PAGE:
Why Grandma Quit Having Kids

Let’s think about why my grandmother quit having kids.

The truth is she was pregnant, probably 20 percent of her entire life as she lived to just age 58 when a stroke took her away from us.

I calculate that she was pregnant for about 14.5 years. She had 16 kids. All of them lived, which was kind of amazing given the times and the medical support available. After number 16, they quit. You can easily guess why – she was tired.

Parenting a lot of kids wasn’t unusual in her generation. When I was a kid in elementary school, I knew many people whose grandparents had ten children or more. Friends with eight aunts and uncles were pretty standard. Five or six was commonplace.

But, the world changed. My parents had three. Today, people have one and done, or a girl and a boy, then call it quits.

So what’s the lesson for church leaders? As church planters or churches that plant, we get to a point where having kids is doable but challenging. The two largest churches that I planted don’t plant any longer. One is busy reviving church multiplication, and that’s exciting (Hermosa Beach).

I’m old—both in years and as a pastor and leader.

The churches that I’ve led have grown old. As they aged, they slowed. Grandmothers can have babies but not as quickly or easily as they did when they were young.

There was a time in Hawaii when we gathered the leaders of our church plants to remind them, “Hey, grandma’s getting tired. We’re still pumping out new churches, but it’s becoming more difficult. It’s up to you to carry the ball further down the field.” And they did. And their offspring did. That’s why we can now count a bit more than 2,600 churches claiming our church in their lineage. A few weeks ago, I would have put that number at around 2,400 but I ran into a pastor who told me of more than twice the number that he reported just five years ago in Africa.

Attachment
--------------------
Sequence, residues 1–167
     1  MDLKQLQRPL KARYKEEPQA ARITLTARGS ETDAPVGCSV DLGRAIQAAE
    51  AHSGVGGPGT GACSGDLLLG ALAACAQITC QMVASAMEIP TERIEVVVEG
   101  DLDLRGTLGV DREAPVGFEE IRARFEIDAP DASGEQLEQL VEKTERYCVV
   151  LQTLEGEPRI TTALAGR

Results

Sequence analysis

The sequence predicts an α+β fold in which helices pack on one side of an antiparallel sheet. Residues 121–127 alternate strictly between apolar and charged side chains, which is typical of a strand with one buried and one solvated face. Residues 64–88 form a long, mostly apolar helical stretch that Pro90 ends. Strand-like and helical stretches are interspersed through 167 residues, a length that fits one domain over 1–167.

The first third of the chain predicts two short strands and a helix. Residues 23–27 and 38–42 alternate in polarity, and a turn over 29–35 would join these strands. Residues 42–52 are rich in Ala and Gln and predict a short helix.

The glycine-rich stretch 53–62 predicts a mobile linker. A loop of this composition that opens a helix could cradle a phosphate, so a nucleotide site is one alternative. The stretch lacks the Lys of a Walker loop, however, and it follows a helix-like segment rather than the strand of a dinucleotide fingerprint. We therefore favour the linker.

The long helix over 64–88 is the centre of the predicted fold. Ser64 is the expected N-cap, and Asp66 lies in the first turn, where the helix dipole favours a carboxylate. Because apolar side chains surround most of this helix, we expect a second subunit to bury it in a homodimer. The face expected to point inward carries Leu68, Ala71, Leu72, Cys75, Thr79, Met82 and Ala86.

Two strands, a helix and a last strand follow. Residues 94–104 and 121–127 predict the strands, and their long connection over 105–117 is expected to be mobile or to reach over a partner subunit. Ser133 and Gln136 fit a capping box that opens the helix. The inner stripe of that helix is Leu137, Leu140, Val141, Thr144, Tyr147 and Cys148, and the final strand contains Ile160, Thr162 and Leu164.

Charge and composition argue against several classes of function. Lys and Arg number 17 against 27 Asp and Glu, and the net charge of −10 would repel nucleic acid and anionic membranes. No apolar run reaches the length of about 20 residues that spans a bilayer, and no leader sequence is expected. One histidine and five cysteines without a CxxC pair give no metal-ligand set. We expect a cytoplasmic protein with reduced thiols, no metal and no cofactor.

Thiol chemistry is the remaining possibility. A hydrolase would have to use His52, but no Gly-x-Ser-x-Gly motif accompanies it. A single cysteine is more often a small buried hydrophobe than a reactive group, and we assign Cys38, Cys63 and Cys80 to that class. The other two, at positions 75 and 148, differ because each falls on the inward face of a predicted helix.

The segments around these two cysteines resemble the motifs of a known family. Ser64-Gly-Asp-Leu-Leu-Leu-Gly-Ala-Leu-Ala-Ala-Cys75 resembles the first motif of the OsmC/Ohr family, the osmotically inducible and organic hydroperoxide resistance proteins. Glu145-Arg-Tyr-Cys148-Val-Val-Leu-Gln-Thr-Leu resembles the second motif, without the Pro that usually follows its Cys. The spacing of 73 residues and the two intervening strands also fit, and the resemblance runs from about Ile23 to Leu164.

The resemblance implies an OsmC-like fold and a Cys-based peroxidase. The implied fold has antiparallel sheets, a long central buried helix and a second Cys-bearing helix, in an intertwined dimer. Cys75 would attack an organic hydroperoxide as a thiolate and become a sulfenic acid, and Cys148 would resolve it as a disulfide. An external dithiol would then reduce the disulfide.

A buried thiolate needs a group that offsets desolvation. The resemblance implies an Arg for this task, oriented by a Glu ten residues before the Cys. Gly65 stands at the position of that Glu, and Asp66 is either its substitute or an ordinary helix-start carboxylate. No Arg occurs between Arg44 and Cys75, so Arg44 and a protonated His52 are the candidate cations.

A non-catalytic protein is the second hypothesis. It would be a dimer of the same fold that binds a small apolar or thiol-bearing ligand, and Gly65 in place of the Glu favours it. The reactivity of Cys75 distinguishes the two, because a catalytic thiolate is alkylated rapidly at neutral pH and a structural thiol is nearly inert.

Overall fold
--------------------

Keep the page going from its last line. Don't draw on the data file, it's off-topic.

This reproduction/multiplication thing is pretty exciting stuff.

A goofy event triggered this blog. I discovered that I had been paying for an account on one of those websites which record your genealogy. I paid for it for three years while thinking it was my wife’s account. Before canceling the subscription, I explored my grandparents’ family history. It was a knockout.

Shortly before heading off to college, I counted a few more than 220 first and second cousins whose names I knew. I didn’t know most of them, personally, but I did know they existed. They were the result of my prolific grandparents and their 16 children plus their less prolific kids.

My foray into my grandparent’s genealogy brought up last names I’d never heard. They live all over the country. Some in Hawaii and others in San Diego (it’s scary to think how many unknown relatives I may have angered in traffic).

I never heard of most of those people. But that’s the way it should be.

A parent has kids. They have kids, and they have kids. It goes on from there. That’s the way it should be with us. I believe that every church is called the multiply itself, or at least a reproduce a couple of times – even if it’s just one or two and done. But the real goal is that we multiply those that can multiply.

We should be looking at reproducing ourselves to the fourth generation. This fits with Paul’s admonition to Timothy, “You have heard me teach things that have been confirmed by many reliable witnesses. Now teach these truths to other trustworthy people who will be able to pass them on to others” (2 Timothy 2:2 NLT).

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